After their disastrous initial response to the German invasion in 1941, when perhaps 90% of their tanks were destroyed or lost to the enemy, the Red Army gradually began to rebuild its armoured arm. It would take time, but by 1943 the excellent T-34 tank was available in significant numbers, and both training and tactics had improved considerably, meaning the Soviets were increasingly able to best their opponents as they fought to free their motherland. By concentrating on the later war years, this set depicts these men at their peak of their effectiveness, and on this occasion the set has also been given the theme of cold-weather clothing, complementing Orion’s earlier set of Summer Dress Tankmen. The winter was a favourite time for Soviet offensives as they were better able to cope with the conditions than the Germans, although of course mechanical difficulties due to the extreme cold were shared by both sides.
Keeping the tanks operational in sub-zero temperatures was one challenge, but the crew too had to be kept warm. In cold weather the standard clothing was a leather coat and trousers, sometimes with thick boots, but these were expensive and often crews were issued the quilted telogreika jackets and trousers instead. Some were fortunate enough to receive three-quarter length sheepskin coats with wide collars, and a fleece-lined winter version of the standard Soviet tanker’s padded helmet was also available. All these items are to be found in this set, providing a variety and mix of items which satisfyingly reflects the far from uniform appearance of the actual men. Three of the poses wear normal overalls, but the rest all have suitable winter clothing, and all of it has been well produced. The long coat of the middle figure in the bottom row may be a civilian item, which is also not out of place in such a collection. The coats are a good length, the overalls in the usual style - in short all the clothing here is as it should be.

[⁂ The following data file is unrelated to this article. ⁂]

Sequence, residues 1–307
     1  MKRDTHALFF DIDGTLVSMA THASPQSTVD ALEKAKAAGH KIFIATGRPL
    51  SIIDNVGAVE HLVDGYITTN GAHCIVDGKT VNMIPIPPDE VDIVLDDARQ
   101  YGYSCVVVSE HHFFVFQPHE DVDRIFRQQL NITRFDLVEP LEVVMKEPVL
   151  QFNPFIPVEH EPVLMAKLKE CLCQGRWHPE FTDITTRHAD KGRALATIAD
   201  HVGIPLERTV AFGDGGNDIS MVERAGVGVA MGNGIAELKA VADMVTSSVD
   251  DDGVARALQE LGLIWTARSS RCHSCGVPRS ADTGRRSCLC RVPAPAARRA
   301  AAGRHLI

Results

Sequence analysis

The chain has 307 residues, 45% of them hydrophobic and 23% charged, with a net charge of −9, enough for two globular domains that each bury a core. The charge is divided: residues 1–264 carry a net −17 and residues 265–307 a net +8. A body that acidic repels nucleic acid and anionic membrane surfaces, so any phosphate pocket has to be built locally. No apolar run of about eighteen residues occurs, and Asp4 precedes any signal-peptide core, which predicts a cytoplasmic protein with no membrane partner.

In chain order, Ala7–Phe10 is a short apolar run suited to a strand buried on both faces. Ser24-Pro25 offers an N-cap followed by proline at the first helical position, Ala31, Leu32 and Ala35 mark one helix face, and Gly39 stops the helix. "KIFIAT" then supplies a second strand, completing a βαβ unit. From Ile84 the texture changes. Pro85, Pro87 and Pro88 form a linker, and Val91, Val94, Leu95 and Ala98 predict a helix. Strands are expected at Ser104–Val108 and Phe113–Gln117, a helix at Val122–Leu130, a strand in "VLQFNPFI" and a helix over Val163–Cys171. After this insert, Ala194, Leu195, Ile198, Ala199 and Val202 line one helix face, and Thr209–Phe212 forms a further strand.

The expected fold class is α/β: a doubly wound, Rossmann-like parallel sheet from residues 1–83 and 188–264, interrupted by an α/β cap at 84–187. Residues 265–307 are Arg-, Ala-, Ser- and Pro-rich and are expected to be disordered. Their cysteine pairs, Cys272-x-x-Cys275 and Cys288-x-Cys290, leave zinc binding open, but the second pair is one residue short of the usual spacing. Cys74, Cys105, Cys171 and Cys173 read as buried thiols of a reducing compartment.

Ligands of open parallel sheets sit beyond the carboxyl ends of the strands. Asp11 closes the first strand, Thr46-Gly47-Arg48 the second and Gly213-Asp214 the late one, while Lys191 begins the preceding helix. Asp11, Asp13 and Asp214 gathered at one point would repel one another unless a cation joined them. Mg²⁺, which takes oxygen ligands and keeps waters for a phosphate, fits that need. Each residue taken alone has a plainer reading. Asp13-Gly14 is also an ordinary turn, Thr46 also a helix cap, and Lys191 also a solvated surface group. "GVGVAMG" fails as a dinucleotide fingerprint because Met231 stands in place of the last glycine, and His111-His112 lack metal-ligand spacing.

Naturally tank crew are mostly invisible when they are in action, so as with other similar sets we find a variety of poses involved in maintaining and arming a tank, plus a number of men that appear to be in combat, having presumably already suffered the loss of their tank. The crewmen handling ammunition, carrying buckets and generally looking after their machines are a very nice selection, and would grace any tank park scene. All are full-figure and with bases, which is good although some look to be inside the tank itself, so these may find that they lose their legs before going into battle. The poses in the top row are the ones apparently in battle, and we really did not care for the man about to throw the grenade as he just does not look natural and is particularly flat and cumbersome. The others are OK, although we preferred the non-combatant poses overall.
Many of the figures carry sidearms, which is good, and the two men who have drawn them look to be carrying the TT M1930 pistol, the usual sidearm for such troops. However the detail is not particularly clear, and that goes for everything here. Clothing is generally OK but weapons are fairly indistinct. The faces are mostly very good, although occasionally losing detail when not directly facing the mould. Hands however are quite another story, as many of them are just blobs or simply stumps, and while the lack of finger definition could sometimes be attributed to the wearing of mittens, those with much or most of the hand missing entirely have no obvious excuse. The proportions are good, and for the most part the folds in the clothing are convincing, while happily there is only a limited amount of flash in a few areas.
Naturally the onset of winter had a greater impact on the Eastern Front than any other during the Second World War, and the increasing number of sets such as this specifically aimed at winter fighting are a welcome if belated recognition of its importance. Given the usual limitations that any set of tank crewmen faces, we thought this was a very fine effort with good accuracy and most, though not all, good poses. Some finer detail did let it down somewhat, although the missing hands may be a consequence of casting problems and may vary between copies of the set, so while not perfect this is a perfectly usable set with some very appealing figures.